Having recorded information on magnetic tape 38 that corresponds to a scene including an object under study, a slow motion video display of such object is produced by playing back the recorded information at a constant tape speed of say, 71/2 inches per second irrespective of the originally selected recording tape speed. As a result, the ratio of the recording tape speed to the playback tape speed yields a tape speed reduction ratio that equals the selected speed reduction. Further, all reproduced signals have the same black to white level frequency spread, thereby enabling a fixed frequency demodulator to be used irrespective of the selected speed reduction. To understand why the above-described selection of recording frame rate, the factor "N", recording tape speed and playback tape speed results in the desired speed reduction and signal form upon playback, reference is made to FIG. 5. It is apparent from inspection of FIG. 5 that "N" is equal to the maximum selected camera (record) frame rate divided by the selected camera frame rate. The effect of the divide-by-N circuit 32 is to reduce the black level to white level frequency spread by a factor "N". But because the ratio of record tape speed to playback tape speed varies in inverse proportion to "N", all signals produced upon playback have the same black level to white level frequency spread. Further, because the playback tape speed is always 71/2 inches per second, all video information is reproduced at a frame rate of 30 frames per second, thereby resulting in the desired speed reduction.
Referring again to FIG. 1, the sixteen video signals produced by playback head 48 undergo signal processing in a preamplification and equalization circuit 64. The processed signals are then demodulated in an FM demodulator 66. After demodulation, the video signals (which are still in the block format shown in FIG. 3a) are converted to a line sequential video signal by a video processing circuit 68 (see FIG. 7).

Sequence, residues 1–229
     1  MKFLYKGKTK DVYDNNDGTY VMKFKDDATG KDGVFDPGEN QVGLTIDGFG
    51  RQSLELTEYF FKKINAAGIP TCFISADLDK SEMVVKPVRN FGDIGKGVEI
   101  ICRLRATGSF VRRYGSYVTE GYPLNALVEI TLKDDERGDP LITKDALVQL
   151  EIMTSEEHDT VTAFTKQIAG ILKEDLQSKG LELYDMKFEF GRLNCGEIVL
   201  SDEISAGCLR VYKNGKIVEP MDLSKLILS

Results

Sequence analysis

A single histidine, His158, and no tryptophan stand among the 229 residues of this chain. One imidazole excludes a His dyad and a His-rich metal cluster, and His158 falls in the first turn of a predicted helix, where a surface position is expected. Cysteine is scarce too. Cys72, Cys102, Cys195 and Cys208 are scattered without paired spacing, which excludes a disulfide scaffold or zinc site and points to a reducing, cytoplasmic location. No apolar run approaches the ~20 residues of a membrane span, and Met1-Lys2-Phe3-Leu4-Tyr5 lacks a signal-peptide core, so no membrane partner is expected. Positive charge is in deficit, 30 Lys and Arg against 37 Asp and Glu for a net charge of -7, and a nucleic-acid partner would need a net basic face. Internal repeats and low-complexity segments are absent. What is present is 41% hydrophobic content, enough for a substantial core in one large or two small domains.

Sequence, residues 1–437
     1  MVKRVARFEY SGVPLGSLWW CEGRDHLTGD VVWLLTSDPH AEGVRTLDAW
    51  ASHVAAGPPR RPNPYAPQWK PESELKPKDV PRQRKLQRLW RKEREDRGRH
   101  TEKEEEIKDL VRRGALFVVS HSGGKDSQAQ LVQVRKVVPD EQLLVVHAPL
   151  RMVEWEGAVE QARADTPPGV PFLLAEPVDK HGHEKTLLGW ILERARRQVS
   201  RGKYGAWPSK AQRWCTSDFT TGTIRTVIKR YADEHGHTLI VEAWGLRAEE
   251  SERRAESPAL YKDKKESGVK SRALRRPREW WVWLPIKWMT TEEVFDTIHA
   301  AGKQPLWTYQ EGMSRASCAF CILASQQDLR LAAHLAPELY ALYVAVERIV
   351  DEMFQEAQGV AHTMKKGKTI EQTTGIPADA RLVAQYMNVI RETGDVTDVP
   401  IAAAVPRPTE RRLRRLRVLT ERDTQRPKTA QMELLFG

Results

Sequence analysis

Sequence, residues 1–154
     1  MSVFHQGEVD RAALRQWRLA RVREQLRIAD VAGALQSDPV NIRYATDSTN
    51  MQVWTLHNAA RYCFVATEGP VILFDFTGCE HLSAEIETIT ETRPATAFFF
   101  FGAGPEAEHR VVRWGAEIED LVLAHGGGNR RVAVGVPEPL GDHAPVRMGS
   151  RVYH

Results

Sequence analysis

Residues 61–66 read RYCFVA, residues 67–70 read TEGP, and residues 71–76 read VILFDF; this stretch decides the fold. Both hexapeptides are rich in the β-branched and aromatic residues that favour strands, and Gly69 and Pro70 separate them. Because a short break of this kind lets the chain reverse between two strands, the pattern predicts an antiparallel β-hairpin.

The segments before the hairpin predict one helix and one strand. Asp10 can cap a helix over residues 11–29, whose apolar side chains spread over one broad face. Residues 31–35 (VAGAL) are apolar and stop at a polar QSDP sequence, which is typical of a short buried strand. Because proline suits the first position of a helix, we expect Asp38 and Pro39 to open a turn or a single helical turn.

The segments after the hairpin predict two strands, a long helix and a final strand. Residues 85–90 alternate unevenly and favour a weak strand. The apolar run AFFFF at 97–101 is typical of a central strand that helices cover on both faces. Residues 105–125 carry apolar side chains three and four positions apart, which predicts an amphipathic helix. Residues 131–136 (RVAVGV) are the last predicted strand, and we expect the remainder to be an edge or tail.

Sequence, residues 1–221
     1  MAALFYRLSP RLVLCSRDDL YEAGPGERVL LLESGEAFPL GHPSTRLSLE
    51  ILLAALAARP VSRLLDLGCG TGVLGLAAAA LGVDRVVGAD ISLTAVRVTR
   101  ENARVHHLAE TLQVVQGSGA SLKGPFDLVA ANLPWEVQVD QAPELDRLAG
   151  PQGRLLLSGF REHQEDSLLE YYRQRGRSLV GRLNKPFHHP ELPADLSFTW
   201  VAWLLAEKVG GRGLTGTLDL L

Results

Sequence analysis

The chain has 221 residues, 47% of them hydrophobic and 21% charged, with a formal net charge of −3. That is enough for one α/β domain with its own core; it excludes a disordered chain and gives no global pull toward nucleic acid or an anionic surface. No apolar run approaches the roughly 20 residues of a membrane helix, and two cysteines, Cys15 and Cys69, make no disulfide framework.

A timing signal reproduced from timing track 17 is processed by circuit 64 and is applied to timing signal processing circuit 70 which extracts suitable timing and sync signals which are used in video processing circuit 68 to produce a signal to be displayed on monitor 72. The displayed scene information consists of a slow motion replay of the originally recorded scene at the selected speed reduction.
Data from data track 18 is reproduced by reproducing head 48 and preamplified and equalized in circuit 64. The data signal is then processed by data playback processing circuit 74 to be shown in window areas such as 76, 78 in a data frame 80 surrounding the main image area 82 of monitor 72.